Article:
Not all Earth Science teachers planned to teach earth science when they were in college, and not all college students who prepare to teach enter or remain in teaching. Often, science majors are attracted first to the science, and decide to teach as they explore the interface between "what can I do with this?" and "what do I really like to do?" Geoscience majors, especially at liberal arts colleges or research universities that don't emphasize teaching, may move into teaching through graduate teacher preparation programs, often several years after graduating from college.

The reality of high school teaching is that school administrators see "science teacher" where universities see "geology major" or "biology major". Schools need flexibility to adjust to changes in student enrollments and state standards, and often require a teacher who majored in biology to teach one or more sections of Earth science, especially at the eighth or ninth grade level. At the high school level, many courses with interdisciplinary titles such as "environmental science" or "integrated science" are taught by teachers with little formal training in the Earth sciences. If it is available, affordable, and convenient, such teachers often seek out additional Earth science coursework and professional development opportunities during summers and evenings.

Middle schools and junior high schools may be organized in various ways, but usually include at least two grades in the range of 5 to 9. Many schools, especially charter schools, magnet programs and urban schools, are even returning to the K-8 model of school organization. Middle level Earth Science teachers may be trained as secondary teachers with a discipline-specific or broad-field science major. In many states, elementary teachers who have completed a science concentration of four or five science courses can be licensed as middle school science teachers. It is common for middle school teachers to be considered "general science" teachers, and they often teach in an interdisciplinary way. Since the emphasis of the middle school is on the transition from the nurturing environment of elementary school to the increased academic independence of high school, middle school science teachers often work in teams with English or Social Studies teachers. They may "loop", staying with the same students through several grades. This is the level with the most variation in the balance between focus on the student and focus on science content.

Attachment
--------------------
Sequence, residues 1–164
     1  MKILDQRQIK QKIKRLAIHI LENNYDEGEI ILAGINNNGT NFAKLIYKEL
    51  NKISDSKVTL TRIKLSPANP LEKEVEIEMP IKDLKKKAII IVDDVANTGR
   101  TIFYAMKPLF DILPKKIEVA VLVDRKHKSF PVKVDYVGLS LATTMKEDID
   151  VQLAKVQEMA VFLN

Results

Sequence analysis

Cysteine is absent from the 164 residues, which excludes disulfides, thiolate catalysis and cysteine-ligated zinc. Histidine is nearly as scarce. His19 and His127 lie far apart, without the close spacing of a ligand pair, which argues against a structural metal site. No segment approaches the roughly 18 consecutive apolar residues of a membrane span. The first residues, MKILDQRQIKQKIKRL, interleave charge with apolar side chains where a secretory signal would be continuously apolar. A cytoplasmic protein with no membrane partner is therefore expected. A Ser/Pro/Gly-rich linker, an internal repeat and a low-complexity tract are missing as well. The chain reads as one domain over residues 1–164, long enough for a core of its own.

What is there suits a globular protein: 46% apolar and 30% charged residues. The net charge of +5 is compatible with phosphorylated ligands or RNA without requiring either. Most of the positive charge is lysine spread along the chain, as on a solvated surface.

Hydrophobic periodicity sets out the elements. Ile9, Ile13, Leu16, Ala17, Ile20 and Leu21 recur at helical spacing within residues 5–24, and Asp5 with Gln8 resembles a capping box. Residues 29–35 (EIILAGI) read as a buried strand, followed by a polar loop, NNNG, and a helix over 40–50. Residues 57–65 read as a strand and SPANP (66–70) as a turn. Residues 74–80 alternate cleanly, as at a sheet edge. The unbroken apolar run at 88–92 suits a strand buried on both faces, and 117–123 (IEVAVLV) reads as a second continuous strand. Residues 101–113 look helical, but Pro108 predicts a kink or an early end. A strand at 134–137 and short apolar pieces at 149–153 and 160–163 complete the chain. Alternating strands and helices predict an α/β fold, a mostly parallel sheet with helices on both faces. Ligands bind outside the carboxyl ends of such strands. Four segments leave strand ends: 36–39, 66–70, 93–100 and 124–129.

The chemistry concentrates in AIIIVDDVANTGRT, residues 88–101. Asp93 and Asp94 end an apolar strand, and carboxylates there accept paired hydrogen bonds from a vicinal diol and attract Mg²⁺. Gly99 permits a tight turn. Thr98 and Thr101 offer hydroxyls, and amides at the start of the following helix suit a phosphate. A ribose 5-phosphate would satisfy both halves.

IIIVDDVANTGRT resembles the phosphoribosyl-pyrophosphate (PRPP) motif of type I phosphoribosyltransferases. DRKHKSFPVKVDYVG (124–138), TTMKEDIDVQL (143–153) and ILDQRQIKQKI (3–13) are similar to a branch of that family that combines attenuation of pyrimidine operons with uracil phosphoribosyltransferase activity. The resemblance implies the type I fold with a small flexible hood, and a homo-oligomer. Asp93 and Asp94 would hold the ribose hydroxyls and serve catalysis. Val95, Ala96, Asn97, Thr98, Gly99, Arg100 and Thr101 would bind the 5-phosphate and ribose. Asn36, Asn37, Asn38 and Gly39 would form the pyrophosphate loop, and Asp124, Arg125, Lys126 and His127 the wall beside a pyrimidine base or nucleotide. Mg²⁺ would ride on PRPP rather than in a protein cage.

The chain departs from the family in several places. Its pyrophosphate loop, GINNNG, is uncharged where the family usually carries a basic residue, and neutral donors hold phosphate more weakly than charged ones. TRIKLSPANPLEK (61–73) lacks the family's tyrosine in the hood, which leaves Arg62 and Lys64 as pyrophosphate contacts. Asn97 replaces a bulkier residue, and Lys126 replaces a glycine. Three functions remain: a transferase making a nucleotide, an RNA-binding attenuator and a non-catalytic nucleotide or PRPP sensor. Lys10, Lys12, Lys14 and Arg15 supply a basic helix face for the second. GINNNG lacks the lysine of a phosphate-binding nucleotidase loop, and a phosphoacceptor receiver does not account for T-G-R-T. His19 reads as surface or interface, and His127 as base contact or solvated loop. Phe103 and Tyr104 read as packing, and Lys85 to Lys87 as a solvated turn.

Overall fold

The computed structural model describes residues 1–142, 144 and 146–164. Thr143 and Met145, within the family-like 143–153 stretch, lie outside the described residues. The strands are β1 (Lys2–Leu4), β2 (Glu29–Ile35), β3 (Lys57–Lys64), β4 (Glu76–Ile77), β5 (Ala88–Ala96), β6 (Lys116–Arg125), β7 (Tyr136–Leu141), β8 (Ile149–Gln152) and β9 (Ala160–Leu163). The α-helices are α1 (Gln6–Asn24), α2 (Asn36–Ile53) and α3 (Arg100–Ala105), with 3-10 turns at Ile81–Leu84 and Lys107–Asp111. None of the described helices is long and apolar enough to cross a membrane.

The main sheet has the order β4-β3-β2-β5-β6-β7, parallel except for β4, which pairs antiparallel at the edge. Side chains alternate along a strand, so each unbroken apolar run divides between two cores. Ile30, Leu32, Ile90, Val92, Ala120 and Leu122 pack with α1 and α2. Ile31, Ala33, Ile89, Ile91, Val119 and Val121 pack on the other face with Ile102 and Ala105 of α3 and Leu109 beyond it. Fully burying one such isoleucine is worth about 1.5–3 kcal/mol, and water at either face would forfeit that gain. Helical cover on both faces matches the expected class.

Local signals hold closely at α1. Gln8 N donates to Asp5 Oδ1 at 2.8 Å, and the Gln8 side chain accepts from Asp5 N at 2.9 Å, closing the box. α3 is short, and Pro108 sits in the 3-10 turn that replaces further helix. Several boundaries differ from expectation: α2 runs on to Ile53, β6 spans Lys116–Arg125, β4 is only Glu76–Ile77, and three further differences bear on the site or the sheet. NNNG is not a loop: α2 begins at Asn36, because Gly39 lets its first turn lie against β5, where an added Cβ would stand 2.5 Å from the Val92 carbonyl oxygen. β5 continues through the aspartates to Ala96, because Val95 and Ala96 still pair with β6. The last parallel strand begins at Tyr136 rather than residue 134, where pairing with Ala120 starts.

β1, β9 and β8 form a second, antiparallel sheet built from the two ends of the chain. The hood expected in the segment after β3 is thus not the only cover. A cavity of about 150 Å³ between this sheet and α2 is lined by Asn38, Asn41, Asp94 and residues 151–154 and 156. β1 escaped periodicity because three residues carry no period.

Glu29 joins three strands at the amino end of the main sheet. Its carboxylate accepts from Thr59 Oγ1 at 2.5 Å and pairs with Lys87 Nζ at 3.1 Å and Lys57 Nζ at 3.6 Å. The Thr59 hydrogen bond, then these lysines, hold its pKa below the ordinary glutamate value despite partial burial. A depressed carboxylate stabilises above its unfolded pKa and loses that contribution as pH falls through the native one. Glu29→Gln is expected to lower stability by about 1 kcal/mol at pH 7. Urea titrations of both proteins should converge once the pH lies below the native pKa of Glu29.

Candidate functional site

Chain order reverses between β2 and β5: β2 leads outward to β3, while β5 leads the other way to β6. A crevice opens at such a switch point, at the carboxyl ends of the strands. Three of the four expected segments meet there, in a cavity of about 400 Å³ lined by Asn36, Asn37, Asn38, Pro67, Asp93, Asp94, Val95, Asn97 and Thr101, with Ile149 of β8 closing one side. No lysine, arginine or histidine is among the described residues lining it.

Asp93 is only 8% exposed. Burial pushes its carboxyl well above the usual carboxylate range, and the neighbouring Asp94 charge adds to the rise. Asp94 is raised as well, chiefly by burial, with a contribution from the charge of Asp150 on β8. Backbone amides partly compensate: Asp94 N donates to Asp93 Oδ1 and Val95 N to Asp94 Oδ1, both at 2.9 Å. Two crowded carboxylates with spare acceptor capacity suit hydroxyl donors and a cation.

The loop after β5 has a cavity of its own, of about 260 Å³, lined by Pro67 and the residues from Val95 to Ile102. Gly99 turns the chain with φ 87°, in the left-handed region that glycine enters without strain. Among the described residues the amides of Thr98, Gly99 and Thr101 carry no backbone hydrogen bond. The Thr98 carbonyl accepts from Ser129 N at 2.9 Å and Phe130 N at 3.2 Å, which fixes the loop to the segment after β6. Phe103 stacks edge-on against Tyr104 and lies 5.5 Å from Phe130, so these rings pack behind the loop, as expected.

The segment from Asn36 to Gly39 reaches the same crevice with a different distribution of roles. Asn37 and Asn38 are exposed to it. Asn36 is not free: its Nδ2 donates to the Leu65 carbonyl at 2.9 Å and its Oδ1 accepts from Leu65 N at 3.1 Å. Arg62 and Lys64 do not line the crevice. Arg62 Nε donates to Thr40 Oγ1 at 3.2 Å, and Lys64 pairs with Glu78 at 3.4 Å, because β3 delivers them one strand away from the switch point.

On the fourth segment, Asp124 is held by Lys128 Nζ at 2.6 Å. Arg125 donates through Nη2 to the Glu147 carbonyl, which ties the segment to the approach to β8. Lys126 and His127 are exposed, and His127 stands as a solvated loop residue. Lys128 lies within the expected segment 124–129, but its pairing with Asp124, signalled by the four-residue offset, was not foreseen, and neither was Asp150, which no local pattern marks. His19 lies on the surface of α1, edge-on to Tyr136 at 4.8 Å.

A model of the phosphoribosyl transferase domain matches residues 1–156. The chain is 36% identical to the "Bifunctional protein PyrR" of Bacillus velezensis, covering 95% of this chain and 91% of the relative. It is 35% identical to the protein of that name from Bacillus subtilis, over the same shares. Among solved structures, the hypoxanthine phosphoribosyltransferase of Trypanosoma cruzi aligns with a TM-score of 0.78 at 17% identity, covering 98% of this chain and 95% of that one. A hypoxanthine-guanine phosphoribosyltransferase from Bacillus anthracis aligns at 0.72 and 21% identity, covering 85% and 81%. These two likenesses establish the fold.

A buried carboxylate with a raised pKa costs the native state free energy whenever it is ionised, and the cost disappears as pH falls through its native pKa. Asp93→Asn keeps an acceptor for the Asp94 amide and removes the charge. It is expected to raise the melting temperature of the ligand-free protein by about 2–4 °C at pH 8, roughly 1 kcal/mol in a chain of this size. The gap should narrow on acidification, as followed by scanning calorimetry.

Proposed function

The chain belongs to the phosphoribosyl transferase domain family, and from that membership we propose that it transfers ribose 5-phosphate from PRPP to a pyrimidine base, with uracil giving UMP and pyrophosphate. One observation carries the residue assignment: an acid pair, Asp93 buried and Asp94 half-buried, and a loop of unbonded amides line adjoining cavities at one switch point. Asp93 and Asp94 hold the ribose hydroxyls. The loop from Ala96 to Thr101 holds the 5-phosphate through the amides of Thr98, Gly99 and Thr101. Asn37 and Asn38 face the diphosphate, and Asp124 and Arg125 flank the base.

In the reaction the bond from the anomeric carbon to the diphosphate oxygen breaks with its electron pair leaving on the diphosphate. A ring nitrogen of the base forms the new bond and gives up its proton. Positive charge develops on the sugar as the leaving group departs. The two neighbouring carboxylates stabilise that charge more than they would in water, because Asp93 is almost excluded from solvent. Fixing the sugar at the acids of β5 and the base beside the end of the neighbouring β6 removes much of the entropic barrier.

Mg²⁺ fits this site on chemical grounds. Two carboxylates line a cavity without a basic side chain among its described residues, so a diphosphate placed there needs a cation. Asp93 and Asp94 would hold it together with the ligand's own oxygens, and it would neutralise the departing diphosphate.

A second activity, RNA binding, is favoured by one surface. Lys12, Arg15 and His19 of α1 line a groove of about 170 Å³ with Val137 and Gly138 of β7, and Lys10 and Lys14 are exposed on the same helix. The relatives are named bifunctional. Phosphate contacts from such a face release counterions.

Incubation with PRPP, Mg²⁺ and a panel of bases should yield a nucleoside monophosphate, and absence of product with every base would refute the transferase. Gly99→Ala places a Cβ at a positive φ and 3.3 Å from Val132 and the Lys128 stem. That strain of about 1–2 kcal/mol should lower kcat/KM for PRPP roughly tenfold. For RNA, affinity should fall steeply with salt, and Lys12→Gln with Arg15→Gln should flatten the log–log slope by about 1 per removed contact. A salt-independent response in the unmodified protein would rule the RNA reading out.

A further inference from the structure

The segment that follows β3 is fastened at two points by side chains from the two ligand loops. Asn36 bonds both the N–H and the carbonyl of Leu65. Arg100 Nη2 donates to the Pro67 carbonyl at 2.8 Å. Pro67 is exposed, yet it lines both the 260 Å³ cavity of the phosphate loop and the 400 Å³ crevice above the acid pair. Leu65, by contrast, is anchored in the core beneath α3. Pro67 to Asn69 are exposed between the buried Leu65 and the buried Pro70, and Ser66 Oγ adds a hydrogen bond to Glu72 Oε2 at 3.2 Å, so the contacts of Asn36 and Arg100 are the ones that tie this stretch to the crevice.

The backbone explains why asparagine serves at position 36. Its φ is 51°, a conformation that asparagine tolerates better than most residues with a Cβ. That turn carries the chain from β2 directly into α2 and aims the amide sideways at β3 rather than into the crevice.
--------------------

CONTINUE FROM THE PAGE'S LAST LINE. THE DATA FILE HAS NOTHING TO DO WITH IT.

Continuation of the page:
Licensure requirements and state standards for Earth science content vary significantly from state to state, but it is generally true that the amount of specific science preparation increases with the grade level of the teaching assignment. Since most Earth science is taught at the eighth or ninth grade level, most secondary teachers of Earth science are not majors in the geosciences, but have completed the general science distribution requirements of their state. To the extent that states implement the goals of the National Science Education Standards and other science education reform documents, Earth and Space Science will grow in prominence in the K-12 curriculum. In order for K-12 schools to meet these standards, the quantity of Earth and Space Science specialists at the secondary level as well as the subject matter competence of science teachers at all levels must increase.